וַיֵּרָא אֵלָיו ה' בְּאֵלֹנֵי...וַיִּשָּׂא עֵינָיו וַיַּרְא וְהִנֵּה שְׁלשָׁה אֲנָשִׁים נִצָּבִים עָלָיו וַיַּרְא וַיָּרָץ לִקְרָאתָם...
Hashem appeared to him in the plains of Mamrei... he [Avraham] raised his eyes and saw: And behold! Three men were standing before him. And he saw, and he ran to greet them... (18:1-2)
Avraham was in the middle of the greatest prophecy he had ever received, and he ran off in the middle of it to perform the mitzvah of chesed when he saw three guests approaching. How could he leave Hashem’s presence, even if it was to do a mitzvah?
From here the Gemora learns that it is greater to fulfil the mitzvah of welcoming guests into one’s home than welcoming the Shechina, Hashem’s presence manifest in the world. On this Gemora, Rav Noach Weinberg used to aptly say that from we see that it is better to be like Hashem then it is to be with Hashem.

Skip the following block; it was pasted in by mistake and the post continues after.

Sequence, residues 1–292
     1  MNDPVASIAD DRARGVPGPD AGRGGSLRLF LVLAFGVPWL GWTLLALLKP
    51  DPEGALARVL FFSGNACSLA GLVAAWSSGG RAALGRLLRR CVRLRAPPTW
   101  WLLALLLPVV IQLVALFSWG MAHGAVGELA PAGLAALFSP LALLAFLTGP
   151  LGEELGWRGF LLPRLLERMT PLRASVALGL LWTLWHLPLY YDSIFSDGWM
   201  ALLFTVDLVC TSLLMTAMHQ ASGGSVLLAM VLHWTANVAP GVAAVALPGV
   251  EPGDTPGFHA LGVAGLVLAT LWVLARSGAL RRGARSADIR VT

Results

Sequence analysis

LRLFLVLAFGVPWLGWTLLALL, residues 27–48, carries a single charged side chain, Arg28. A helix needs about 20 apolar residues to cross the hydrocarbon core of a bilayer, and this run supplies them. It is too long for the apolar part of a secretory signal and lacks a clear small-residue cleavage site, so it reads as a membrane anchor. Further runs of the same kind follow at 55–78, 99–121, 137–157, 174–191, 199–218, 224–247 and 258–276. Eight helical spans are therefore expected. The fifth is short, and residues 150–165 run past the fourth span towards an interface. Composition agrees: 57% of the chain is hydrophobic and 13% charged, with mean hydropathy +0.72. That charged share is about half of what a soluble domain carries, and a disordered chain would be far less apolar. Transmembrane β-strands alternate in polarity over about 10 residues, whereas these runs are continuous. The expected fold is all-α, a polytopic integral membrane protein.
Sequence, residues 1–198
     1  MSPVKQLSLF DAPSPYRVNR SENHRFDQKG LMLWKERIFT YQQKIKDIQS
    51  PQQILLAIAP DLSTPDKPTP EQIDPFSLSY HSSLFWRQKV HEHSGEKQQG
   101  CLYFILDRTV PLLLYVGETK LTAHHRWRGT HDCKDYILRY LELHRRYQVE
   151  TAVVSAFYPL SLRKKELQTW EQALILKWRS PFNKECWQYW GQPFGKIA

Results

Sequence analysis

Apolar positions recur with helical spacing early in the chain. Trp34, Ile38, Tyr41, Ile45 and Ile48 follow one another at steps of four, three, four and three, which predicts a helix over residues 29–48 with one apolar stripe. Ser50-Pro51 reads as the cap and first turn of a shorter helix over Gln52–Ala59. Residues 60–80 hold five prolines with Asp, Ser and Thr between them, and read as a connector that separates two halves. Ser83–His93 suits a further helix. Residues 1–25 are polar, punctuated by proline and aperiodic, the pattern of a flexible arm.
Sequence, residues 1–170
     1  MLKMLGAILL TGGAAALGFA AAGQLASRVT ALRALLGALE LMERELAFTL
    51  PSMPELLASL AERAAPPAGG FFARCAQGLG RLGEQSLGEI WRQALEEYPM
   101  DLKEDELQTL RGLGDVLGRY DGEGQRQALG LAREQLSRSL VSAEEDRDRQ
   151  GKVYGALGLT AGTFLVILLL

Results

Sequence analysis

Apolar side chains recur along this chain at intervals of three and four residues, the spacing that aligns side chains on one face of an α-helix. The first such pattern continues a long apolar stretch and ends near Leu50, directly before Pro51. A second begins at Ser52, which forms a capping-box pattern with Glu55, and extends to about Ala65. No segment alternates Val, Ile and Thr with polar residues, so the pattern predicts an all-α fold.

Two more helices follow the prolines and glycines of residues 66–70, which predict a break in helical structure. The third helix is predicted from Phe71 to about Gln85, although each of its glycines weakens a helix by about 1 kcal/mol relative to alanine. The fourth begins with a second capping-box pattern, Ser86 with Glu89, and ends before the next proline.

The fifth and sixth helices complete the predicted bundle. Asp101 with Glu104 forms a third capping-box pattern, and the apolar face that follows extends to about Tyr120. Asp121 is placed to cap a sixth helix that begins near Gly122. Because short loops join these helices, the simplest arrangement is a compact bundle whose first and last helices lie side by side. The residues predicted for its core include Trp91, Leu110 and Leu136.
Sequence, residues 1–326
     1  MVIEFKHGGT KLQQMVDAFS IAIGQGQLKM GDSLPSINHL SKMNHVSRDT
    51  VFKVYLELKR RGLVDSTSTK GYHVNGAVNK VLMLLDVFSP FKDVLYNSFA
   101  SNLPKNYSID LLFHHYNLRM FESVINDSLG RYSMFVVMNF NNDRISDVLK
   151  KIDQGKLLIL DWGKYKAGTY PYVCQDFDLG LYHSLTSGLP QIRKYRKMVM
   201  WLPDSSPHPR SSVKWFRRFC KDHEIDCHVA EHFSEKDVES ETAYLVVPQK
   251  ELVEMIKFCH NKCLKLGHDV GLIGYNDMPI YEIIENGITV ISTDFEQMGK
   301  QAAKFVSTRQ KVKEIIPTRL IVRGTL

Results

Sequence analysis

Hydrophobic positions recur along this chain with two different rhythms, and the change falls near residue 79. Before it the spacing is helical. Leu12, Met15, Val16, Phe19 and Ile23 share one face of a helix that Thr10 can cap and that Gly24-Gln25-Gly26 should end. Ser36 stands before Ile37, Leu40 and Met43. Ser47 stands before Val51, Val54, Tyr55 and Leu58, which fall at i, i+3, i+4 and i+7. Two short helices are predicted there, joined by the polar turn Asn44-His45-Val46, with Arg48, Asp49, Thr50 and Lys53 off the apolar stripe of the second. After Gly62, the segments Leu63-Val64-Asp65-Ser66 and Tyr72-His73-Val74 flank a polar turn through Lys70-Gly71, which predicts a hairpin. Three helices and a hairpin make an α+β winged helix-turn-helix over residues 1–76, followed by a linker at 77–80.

explains that it was only after Avraham was given a bris milah
that he was able to prevent himself from falling on his face to in fear before Hashem’s Presence (17:3)
There is a concept that if one is currently involved in a mitzvah
that cannot be done at the same time as a second mitzvah
that arises at a later time, he is not obligated to fulfil the second mitzvah
whilst he is still busy with the first one. See for instance Succa 25a.
The Torah itself teaches us this message elsewhere. For example, when the Jewish People are commanded to “go in His ways” it implies that we are supposed to strive to follow Hashem’s ways rather than merely being with Hashem (Devarim 28:9)
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